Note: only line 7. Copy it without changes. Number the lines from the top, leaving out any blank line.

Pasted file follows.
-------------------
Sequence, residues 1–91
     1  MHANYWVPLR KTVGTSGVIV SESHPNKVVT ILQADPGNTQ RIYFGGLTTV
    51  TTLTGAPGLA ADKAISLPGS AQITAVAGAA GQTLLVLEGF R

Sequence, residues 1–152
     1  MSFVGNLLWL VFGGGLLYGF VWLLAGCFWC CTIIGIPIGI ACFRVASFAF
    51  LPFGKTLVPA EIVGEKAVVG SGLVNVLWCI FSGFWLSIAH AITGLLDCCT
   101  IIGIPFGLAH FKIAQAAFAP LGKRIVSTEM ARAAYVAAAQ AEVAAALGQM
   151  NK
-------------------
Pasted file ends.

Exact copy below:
   101  IIGIPFGLAH FKIAQAAFAP LGKRIVSTEM ARAAYVAAAQ AEVAAALGQM